Richard
 

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Discussion Starter · #13 ·
It's also over twice the price. I can buy Hornby decoders for £8.25 post free. It would cost me at least an extra £153.00 to buy TCS M1 decoders for my fleet. Not all of us can afford it, especially when wives object to spending any money at all on the hobby.
 

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QUOTE (poliss @ 15 May 2008, 00:05) <{POST_SNAPBACK}>It's also over twice the price. I can buy Hornby decoders for £8.25 post free. It would cost me at least an extra £153.00 to buy TCS M1 decoders for my fleet. Not all of us can afford it, especially when wives object to spending any money at all on the hobby.

***As long as you are happy with it then thats just fine... Although I must admit that I really don't consider the TCS decoders as expensive. I'd have to say I've fitted very, very many N scale loco's and the M1 often gives a much better final result, as best running for N scale (especially British N scale) can be hard to achieve and really does need help very often.

I should add too that as I've lobbied strongly and worked on the whole compliance with DCC standards thing without letup for a couple of years now, I'm really very, very pleased to see Hornby go from publicly denying and considering the NMRA standards irrelevant to realising their importance and embracing them, and I sincerely hope that this very positive trend continues, as it'll be good for the hobby as a whole to remove the problems of the incompatibility of their earlier efforts...

It'll be nice to see Hornby continue to evolve positively with their DCC efforts.

Kind regards

Richard
 

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QUOTE (Richard Johnson @ 14 May 2008, 16:22) <{POST_SNAPBACK}>It'll be nice to see Hornby continue to evolve positively with their DCC efforts.

And that is one sentiment I do heartily agree with.

Regards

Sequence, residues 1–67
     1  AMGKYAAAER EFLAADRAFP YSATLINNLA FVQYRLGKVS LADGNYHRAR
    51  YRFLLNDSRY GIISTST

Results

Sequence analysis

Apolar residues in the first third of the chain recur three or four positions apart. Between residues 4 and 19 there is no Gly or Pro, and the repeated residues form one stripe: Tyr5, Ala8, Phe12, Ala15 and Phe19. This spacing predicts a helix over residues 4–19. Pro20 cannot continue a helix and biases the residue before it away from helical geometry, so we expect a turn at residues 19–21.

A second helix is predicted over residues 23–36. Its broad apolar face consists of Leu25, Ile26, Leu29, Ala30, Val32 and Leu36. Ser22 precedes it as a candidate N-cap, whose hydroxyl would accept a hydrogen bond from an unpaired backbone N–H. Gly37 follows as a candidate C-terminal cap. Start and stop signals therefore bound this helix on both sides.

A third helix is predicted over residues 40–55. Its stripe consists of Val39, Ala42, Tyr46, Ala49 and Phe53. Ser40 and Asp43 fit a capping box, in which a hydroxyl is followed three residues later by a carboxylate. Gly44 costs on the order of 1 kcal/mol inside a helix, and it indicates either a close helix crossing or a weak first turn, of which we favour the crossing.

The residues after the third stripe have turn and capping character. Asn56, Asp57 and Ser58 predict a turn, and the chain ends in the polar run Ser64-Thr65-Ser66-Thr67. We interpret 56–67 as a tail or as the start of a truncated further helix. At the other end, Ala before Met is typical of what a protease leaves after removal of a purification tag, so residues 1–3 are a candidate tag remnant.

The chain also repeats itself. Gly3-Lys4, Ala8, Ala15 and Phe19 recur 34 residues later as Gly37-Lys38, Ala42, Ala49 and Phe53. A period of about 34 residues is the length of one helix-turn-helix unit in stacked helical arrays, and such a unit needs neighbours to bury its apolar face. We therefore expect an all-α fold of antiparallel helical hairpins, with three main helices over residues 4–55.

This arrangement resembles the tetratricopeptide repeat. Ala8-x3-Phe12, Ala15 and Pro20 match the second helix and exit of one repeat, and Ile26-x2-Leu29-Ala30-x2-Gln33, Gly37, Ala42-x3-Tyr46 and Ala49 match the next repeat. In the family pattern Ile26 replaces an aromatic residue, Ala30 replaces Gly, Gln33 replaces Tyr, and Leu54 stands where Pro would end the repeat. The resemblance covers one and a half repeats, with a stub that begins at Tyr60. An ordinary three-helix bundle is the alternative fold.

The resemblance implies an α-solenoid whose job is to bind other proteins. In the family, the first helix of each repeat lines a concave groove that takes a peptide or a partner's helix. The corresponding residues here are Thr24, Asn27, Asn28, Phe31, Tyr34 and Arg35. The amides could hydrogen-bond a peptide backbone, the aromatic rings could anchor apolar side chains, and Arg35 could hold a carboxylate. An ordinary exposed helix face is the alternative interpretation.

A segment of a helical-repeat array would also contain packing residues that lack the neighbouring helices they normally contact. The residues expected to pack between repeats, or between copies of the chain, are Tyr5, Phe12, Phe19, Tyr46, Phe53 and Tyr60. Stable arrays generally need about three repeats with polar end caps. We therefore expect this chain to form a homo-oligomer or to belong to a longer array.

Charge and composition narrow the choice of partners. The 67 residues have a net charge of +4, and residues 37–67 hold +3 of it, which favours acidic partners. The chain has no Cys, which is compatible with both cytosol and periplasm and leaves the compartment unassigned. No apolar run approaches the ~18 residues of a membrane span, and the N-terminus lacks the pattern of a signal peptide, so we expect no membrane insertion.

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It is good for the British modeller who only buys Hornby Product.

Now all Hornby need to do is main stream it so it becomes a standard product (ie all locomotives have a DCC chip in them) which will enduce them to develope further DCC items.

John
 

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QUOTE (john woodall @ 15 May 2008, 09:43) <{POST_SNAPBACK}>(ie all locomotives have a DCC chip in them)
They tried that & backpeddled !

Personally (& I say this as a very enthusiastic DCC'er) I don't think it a good idea to fit decoders as standard - many locomotives that we come across do not perform as well on analogue DC with a decoder as without. In fact we have "dechipped" quite a number for customers.

Likewise (apart from factory fitted sound), as a DCC'er I do not want to buy a locomotive fitted with a decoder chosen by a bean counter.

To be honest, these days, especially in any locomotive tooled or re-tooled in the last few years decoder fitting should be easy & take no more than a couple of minutes - no excuse.
 

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Valid points Brian.

Ultmately Hornby are going to be driven by the return on their investment, not what is "best" for the modeller. When you consider that just about the entire world has accepted DCC as the norm, and Hornby are only now embracing it you have to seriously wonder why they spent any R&D on it when they could have rebadged at a fraction of the cost (and from reading this forum the grief!).

I suppose in the ideal world all locomotives would come with a socket preinstalled so that a decoder of choice can be plugged in.

Being a 3 railer, I am lucky I suppose that the sound locomotives that I buy all have loksound 3.5 in them. I will be honest and say it must be a good 10 years since I purchasd a locomotive that did not come with a DCC chip preinstalled in it.

John